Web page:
Arizona Daily Wildcat
Up with People returns to its original Tucson home with
Up With People, the effervescent performance group that travels the globe teaching tolerance and racial awareness, has returned to Tucson after a seven-year absence.
The group will perform its newest show, "A Common Beat," Sunday in UA's McKale Center. The performance is a collage of different cultures that will represent the group members' native backgrounds through song and dance.
"We have reached a new level in our production," said event coordinator Kimberly Forehand. "It's a little bit more in-depth. We use more lights, we use more sound, we have brand-new costumes. It's a musical."
Up With People has put on presentations in countries all over the world since its conception in 1965.
"We have a tour here in North America, and we also go to Europe and Japan," Forehand said. "We've gone to Australia before. We have a cast right now in Mexico. There are four different casts that will be traveling around the world at all times."
Now, the group has finally made its way back to its first home.
"We celebrated our 35th anniversary in Orlando this year, and it's a no more appropriate time to come back home to Tucson," Forehand said.
The group became an independent, non-profit educational organization in 1968 in Tucson, where it was based for 28 years - the group once made its headquarters on Campbell Avenue, but is now based out of Colorado.
Forehand said that the organization hopes to gather recruits from the University of Arizona student population following Sunday's production.
"After every show we do admissions presentations, and we invite whoever is interested in the program, whether they want to travel or just find out more about what we do," Forehand said. "They have the opportunity to talk to an actual cast member and find out what life on the road is like."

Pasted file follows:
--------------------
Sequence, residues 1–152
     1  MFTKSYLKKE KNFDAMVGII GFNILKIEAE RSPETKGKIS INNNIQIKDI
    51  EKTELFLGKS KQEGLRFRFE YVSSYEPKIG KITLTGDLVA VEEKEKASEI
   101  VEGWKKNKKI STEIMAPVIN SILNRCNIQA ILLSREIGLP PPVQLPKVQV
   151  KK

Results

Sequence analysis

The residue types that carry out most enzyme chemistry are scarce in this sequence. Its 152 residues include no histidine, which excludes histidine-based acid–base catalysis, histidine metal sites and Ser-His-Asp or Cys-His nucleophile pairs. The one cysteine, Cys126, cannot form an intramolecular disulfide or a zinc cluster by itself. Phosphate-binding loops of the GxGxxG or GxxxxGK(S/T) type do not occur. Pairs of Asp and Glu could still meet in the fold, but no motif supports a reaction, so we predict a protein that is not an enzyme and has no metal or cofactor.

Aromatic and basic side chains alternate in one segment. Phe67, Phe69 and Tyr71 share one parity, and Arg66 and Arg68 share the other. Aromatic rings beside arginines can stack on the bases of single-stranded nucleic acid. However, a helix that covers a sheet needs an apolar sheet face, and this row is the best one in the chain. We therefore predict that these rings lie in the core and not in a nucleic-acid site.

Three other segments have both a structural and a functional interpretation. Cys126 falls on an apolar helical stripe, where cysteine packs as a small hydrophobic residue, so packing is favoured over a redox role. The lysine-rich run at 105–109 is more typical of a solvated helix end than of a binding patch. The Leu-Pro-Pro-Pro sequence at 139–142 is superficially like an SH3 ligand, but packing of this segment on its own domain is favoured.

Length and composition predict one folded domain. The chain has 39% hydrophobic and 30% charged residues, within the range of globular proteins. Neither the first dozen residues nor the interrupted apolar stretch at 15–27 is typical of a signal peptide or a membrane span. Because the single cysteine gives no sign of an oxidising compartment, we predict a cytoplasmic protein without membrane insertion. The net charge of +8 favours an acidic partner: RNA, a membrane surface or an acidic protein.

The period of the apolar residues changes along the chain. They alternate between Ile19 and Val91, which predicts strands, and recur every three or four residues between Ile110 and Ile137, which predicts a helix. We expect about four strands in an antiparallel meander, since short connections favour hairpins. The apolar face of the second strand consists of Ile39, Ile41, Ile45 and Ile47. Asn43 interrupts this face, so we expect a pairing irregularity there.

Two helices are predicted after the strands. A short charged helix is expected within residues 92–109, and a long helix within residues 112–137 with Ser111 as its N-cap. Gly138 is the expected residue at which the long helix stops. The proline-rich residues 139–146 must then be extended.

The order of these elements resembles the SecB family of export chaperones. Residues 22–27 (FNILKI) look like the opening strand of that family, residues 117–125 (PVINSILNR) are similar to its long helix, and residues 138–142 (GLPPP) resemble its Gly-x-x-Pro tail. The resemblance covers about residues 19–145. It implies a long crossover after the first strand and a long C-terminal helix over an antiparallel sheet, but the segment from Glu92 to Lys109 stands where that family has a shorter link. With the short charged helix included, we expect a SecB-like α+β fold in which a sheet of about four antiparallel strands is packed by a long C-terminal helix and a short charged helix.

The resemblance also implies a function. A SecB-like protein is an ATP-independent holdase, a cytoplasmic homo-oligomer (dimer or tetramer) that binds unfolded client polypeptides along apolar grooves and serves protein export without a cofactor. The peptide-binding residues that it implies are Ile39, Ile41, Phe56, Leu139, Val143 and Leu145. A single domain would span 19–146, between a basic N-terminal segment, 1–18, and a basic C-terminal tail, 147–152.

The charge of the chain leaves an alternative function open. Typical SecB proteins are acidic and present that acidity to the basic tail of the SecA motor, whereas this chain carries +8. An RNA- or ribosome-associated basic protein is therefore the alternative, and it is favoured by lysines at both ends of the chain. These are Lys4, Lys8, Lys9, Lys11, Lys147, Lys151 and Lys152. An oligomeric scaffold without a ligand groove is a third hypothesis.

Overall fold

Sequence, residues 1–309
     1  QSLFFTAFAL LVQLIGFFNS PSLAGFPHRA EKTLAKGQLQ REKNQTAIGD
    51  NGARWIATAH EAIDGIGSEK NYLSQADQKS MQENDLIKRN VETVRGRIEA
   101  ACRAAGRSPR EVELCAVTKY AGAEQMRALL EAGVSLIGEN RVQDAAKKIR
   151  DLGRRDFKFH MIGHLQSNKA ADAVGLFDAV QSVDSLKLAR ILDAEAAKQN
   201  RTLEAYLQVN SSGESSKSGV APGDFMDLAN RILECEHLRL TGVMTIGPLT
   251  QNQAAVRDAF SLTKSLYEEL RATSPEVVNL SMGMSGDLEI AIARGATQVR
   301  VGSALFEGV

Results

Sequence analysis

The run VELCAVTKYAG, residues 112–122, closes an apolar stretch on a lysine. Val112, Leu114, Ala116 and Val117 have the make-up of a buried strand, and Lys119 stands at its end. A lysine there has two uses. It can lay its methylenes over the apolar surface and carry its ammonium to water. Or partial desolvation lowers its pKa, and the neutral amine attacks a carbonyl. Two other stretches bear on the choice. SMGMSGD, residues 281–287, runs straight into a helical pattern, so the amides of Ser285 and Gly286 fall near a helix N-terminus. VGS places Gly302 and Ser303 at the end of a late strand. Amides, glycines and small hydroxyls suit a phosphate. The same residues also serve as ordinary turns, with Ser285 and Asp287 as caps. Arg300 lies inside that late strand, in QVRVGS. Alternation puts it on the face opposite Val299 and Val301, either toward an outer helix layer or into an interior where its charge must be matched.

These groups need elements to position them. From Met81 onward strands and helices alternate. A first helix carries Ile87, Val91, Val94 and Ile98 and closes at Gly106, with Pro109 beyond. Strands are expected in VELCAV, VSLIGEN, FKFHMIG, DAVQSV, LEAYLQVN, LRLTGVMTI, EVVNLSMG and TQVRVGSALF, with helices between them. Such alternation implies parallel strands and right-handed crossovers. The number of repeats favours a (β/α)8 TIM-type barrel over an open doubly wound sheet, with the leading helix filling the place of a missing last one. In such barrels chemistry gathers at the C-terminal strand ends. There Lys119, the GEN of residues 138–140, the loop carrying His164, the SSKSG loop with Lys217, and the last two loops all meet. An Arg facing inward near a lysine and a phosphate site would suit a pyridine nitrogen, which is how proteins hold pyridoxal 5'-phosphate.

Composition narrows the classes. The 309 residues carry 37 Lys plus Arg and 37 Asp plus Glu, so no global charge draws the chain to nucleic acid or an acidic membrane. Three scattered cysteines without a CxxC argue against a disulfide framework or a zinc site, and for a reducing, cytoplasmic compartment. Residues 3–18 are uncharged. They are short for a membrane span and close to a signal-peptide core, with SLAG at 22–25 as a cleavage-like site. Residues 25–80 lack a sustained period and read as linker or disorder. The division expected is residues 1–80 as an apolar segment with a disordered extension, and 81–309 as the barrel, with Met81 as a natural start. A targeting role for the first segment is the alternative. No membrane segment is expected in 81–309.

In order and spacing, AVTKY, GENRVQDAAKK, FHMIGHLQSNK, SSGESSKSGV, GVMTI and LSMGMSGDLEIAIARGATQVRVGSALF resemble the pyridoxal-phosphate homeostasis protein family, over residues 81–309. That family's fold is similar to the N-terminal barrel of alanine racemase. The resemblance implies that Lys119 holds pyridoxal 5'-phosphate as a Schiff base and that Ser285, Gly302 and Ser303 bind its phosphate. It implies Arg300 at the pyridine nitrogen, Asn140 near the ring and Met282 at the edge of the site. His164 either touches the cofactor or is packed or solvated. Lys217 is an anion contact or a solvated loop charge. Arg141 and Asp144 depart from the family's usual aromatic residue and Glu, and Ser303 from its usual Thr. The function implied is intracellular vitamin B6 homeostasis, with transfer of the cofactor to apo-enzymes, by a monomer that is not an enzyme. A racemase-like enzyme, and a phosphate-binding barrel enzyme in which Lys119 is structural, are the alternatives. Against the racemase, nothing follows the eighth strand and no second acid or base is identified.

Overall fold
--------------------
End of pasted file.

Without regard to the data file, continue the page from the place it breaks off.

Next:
A lack of musical talent does not inhibit a candidate's chances of joining, Forehand said. She explained that the students learn to sing and act as they travel.
"There is an amazing amount of potential in these students," Forehand said. "They go to learn about other cultures and to do community service."
A cast of about 150 people from 22 countries will perform in "A Common Beat."
"Basically, our mission statement is to represent people all over the world," Forehand said.
Lee Ann Hamilton, a health educator for UA Campus Health, was a member of Up With People for the 1977-78 season. She said her year with the troupe was beneficial as a growing experience that helped direct her future.
"I learned more about life and about myself that year than I did getting my degree," Hamilton said. "I found myself more into my studies when I came back."
Forehand said that in order to fully understand what the group is, a person needs to see them perform.
"I saw the show, and that's why I'm here," she said. "You can't help it, it's contagious."
The show starts at 3 p.m., and tickets range from $8-$12 for adults and $5-$6 for children.